Dr. Jonah Berger, author of Invisible Influence: The Hidden Forces that Shape Behavior, Simon & Schuster, 2017 speaking in a guest keynote at Gartner Marketing Symposium/Xpo 2019

“What’s the thing in the environment that will remind people of you even when you’re not around?” Dr. Berger challenged the audience of marketing leaders.

In the Tuesday guest keynote on The Secret to Creating Universally Joyful Products and Experiences, designer Ingrid Fetell Lee cited research that joy by sales people in retail environments increased the amount of time people browse and spend; doctors in a state of joy come to a correct diagnosis more quickly; and joyful negotiators reach more win/win agreements. Challenging the myth that joy is a distraction to success, Ms. Fetell Lee walked the audience through her method for adding joy to products, workspaces and daily life.

Ingrid Fetell Lee, author Joyful, The Surprising Power of Ordinary Things to Create Extraordinary Happiness, (Little Brown, 2018) describes the key ingredients of joy.

For example, one airline wakes passengers with soft rainbow hues, creating a joyful customer experience. The mattress company, Casper, created a glow light that gradually dims to help people fall asleep or lights up to awaken them, utilizing one of Fetell Lee’s key ingredients for creating joy: make the mundane magical.

Key Take-away No. 5: Know your purpose

Purpose driven brands outperform the stock market by 120% and National Geographic is no stranger to building purpose into its brand. Jay Wilson, Vice President, Analyst at Gartner for Marketers and David Friedlander, Vice President of Consumer Insights at National Geographic discussed the importance of building purpose into campaigns to connect with consumers.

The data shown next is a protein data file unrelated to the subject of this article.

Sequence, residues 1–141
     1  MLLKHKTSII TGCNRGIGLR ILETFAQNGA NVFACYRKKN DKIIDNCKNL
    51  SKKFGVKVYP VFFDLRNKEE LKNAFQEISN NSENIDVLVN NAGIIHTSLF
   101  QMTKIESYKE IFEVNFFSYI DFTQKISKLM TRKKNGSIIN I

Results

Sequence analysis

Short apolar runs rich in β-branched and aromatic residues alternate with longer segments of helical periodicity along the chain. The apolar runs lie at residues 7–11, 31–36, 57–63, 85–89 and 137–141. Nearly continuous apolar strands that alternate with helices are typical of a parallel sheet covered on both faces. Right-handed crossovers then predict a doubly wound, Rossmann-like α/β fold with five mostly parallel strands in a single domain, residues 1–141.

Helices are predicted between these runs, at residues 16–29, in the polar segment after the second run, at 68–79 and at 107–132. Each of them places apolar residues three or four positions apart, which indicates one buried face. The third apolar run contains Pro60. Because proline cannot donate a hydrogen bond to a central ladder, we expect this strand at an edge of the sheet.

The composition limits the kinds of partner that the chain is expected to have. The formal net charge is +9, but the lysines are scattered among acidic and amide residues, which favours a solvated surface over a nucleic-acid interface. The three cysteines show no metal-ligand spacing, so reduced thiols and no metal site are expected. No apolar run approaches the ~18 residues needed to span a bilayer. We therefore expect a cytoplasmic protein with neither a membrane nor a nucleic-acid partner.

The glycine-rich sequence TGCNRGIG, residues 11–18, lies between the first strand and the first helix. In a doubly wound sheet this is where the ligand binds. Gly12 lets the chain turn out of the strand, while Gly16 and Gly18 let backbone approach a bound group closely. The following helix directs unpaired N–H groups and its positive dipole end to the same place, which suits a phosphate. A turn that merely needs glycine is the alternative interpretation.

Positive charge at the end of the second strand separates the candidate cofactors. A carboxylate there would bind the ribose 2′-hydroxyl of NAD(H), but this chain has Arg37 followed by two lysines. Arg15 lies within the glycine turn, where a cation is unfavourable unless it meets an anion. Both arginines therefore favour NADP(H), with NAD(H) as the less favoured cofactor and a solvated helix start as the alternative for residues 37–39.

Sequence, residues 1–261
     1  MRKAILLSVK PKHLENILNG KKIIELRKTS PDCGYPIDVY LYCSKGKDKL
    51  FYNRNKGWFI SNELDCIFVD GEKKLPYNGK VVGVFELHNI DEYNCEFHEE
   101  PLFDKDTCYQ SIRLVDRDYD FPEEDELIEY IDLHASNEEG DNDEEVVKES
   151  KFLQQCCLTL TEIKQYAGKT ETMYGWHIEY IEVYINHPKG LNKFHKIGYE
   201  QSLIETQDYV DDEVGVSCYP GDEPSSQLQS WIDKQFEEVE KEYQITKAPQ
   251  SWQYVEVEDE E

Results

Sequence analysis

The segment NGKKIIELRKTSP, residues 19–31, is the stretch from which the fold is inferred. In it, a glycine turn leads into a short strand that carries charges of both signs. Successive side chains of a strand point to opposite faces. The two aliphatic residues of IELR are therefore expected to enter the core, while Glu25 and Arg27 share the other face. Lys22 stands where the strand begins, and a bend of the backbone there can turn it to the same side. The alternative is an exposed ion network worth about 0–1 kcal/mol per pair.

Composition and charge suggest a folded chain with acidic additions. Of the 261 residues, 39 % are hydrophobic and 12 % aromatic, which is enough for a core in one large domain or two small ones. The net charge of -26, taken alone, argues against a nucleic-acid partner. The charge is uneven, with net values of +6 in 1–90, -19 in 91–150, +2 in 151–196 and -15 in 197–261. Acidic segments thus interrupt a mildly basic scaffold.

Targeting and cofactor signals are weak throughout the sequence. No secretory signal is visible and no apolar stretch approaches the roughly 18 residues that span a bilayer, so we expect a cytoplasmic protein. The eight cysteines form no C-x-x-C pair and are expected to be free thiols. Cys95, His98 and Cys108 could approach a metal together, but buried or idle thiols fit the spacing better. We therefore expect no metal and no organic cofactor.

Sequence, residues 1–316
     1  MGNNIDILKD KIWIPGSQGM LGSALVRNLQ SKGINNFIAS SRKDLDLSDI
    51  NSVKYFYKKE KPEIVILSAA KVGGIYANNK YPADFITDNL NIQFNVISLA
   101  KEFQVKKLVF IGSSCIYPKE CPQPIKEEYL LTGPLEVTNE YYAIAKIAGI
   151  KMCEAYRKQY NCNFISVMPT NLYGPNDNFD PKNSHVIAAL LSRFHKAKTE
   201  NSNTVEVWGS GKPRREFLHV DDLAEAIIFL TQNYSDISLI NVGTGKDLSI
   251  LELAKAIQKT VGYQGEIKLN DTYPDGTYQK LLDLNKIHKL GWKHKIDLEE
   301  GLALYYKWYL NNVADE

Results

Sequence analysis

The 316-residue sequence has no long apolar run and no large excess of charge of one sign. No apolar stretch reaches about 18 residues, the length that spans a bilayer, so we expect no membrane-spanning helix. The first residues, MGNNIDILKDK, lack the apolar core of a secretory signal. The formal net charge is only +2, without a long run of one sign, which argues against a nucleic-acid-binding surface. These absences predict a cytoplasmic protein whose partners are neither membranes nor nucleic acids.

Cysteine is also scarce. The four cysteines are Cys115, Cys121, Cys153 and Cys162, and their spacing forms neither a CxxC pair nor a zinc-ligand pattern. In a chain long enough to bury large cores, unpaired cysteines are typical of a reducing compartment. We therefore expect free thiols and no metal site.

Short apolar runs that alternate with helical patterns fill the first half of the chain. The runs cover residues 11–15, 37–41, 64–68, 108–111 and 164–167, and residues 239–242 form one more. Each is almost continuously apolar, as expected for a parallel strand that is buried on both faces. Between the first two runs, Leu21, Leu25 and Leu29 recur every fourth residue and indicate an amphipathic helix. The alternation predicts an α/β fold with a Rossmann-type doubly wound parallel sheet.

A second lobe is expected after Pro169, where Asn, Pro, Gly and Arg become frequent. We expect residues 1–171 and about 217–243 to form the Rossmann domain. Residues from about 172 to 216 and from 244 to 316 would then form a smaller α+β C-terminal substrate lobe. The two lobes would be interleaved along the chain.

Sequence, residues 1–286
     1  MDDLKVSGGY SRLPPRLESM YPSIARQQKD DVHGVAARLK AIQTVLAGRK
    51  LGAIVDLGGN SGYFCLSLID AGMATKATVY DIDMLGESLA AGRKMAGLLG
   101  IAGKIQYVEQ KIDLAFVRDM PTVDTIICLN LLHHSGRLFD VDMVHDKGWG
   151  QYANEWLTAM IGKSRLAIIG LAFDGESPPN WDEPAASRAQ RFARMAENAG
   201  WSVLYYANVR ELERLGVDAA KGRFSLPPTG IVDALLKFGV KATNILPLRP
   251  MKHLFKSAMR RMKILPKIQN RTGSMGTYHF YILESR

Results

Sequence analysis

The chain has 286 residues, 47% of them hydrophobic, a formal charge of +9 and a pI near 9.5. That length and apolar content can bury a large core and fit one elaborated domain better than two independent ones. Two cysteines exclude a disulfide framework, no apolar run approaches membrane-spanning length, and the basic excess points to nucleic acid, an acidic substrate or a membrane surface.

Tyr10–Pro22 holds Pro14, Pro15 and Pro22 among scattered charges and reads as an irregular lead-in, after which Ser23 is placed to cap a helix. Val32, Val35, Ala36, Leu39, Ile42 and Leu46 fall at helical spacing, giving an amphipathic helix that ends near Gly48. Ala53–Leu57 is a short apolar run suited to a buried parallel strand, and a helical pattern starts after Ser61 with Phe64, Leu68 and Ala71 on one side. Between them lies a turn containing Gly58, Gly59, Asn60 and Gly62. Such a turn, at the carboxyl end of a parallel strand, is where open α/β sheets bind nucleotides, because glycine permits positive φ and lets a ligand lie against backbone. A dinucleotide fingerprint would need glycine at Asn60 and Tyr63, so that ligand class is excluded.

At the core of National Geographic is the model: When people understand the world, they care more deeply and take responsibility for it. National Geographic has used technology to drive connection and create empathy in its storytelling and branded the magazine’s iconic yellow rectangle as a familiar icon. The company launched a major campaign called Planet or Plastic, measuring success by how many people took the pledge to reduce their plastic consumption.

According to Wilson, nearly 66% of Millenials and Gen Z express a preference for brands that have a point of view and stand for something. When it comes to Gen Z, however, new traits emerge.

In his session on Conquering the Digital World of Gen Z, Jack Mackinnon, Senior Principal Analyst, Gartner for Marketers, revealed the key traits of Gen Z from a Gartner study in October, 2018. With a population of over 90 million people ages 0 to 23 years, Gen Z represents $2.8 trillion in buying power “of the most diverse generation ever.”

Conquering the Digital World of Gen Z, Jack Mackinnon, Gartner Marketing Symposium/Xpo 2019

Gen Z distinguishes themselves from Millenials by seeking out information that boosts their or their friends’ success.

“Focus your strategy on boosting their brand,” Mackinnon said. “You can’t sit back and do the same old on social media with Gen Z. You have to shake it up.”

He encouraged brands to create content rooted in Gen Z values: identity, creativity and passion. Political engagement is the norm for Gen Z; 60% say they want to change the world versus 39% of Millenials. Here’s where a brand’s purpose can matter (think Adidas).

“Don’t be afraid to speak up,” Mackinnon said. For this growing and large audience, their desire to engage in issues and the world gives brands the opportunity to build meaningful connection using the technology, data and creativity at their disposal.